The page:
Words by Suzie Inman
Annette MacTavish takes us behind the scenes at the Museum of Cornish Life.
A heady mix of local love and the prospect of additional summertime visitors makes Cornwall the perfect place to set up the fond showcases of ephemera that are museums. There are 70 of them here in the Duchy – and none is as homely and welcoming as Helston’s Museum of Cornish Life.
When I arrive to chat with Director Annette MacTavish, I’m welcomed at the entrance by one of the hundred-or-so volunteers who love spending time here. I’m asked if I’ve visited before and invited into a remarkable Aladdin’s cave parading the best of yesterday.
Museum Director, Annette MacTavish
I have, of course, visited before (I live just down the road). In fact, I’ve whiled away many an hour here and find there’s always something new to uncover, discover or experience. The eclectic collections include domestic items and machinery, objects from lost Helston buildings like the fire station and the railway station, and stories of forgotten local heroes like Henry Trengrouse who designed a rocket-based apparatus that saved thousands of sailors from shipwrecks. Far from being a musty, dusty space dedicated to chronicling the lives of entitled people with money, this museum is a refreshing journey through the ordinary and everyday lives of typical and not-so-typical Cornish people.
The Museum of Cornish Life has been here and growing ever-better since 1949, and for the past three years it’s been under the stewardship of Director Annette MacTavish. I’m keen to find out what brought Annette from her wild west Scottish roots all the way down to this Cornish corner — and what keeps her coming back for more every day.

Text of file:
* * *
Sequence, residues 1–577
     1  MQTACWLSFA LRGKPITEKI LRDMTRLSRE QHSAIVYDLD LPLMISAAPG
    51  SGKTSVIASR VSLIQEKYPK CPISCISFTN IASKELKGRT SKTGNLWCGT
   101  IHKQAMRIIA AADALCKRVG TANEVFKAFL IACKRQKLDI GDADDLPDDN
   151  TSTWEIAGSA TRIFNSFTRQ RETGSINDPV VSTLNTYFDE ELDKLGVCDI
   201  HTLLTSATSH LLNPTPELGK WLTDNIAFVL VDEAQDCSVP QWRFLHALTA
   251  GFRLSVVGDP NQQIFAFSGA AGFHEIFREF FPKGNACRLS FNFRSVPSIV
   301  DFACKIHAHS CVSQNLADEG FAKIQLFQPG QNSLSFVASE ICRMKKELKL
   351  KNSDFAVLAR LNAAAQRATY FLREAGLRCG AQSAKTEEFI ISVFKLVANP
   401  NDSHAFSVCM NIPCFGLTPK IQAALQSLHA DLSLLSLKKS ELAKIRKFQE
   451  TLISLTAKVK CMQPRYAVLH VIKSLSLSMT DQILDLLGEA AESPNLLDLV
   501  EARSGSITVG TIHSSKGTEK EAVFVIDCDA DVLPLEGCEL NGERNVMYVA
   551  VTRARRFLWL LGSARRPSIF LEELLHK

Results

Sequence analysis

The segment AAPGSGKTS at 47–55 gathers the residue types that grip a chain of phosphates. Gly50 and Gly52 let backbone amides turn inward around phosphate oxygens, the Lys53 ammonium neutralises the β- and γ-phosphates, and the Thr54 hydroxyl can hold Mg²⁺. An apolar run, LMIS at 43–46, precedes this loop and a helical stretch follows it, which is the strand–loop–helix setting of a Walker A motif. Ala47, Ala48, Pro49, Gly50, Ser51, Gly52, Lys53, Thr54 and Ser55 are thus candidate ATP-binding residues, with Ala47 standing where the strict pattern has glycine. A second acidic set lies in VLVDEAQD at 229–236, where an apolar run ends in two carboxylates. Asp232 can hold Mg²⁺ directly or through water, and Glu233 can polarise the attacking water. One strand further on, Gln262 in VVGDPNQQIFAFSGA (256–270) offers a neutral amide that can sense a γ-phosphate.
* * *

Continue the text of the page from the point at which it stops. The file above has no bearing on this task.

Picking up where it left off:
“I was born in Argyll in Scotland, so it’s literally just up the coast and really similar because it’s the west coast,” she says with a delicious Scottish accent and a wry smile. “You just have to keep going up a way!”
Annette studied archaeology at Edinburgh University before moving to London where she started working in museums and completed her postgraduate Museum Studies degree.
“I knew from finishing university that I wanted to work in museums because I wanted to work in something where the past wasn’t just stuck in boxes – where there was a relevancy to it,” she says. “I worked in some difficult areas of London and saw what an absolute impact museums could have on a local community – providing opportunities in places where there weren’t a lot. Just having the arts within a community really does make a difference.”
Knowing the place, I can see that’s an early ethos to which Annette still holds firm, realising it here in Helston by making the space as welcoming and approachable as possible – but more on that later.
After her foray into the world of the capital, Annette returned to her roots in Scotland and worked for a range of places including the National Museums of Scotland. “Because my interests are so varied I try and get experience in everything. So I’ve worked with very mixed collections and I’ve done a lot of projects with contemporary artists, dance companies, theatre companies, scientists. I think it’s really good as a person to expand yourself.”
And that’s an approach that has carried Annette through a remarkably eclectic career working with all different sorts of collections, from mining and railways to costumes and contemporary artists. “There’s not much I haven’t worked with so I’m not scared of any type of collection,” she laughs, “and that’s a perfect fit for this museum!”
After her time in Scotland, Annette spotted an advert for a role at the new Tate St Ives that fitted perfectly with her background working with contemporary artists and historic collections. She moved down to Hayle with her husband and two daughters and took on the part-time role at Tate alongside another at Cornwall Museums Partnership – an organisation she’s still very involved with now. “We have more museums in Cornwall than most places in the UK,” she says, “and we’re really lucky because as a group they were really pro-active in thinking about the future landscape of funding and support and what was needed to keep that really vibrant museum community here going. Cornwall Museums Partnership allows smaller museums to operate in the same way that national museums do because we pool our thinking, we pool our resources, we work collaboratively and learn from each other so we can think bigger — and aim a lot higher.”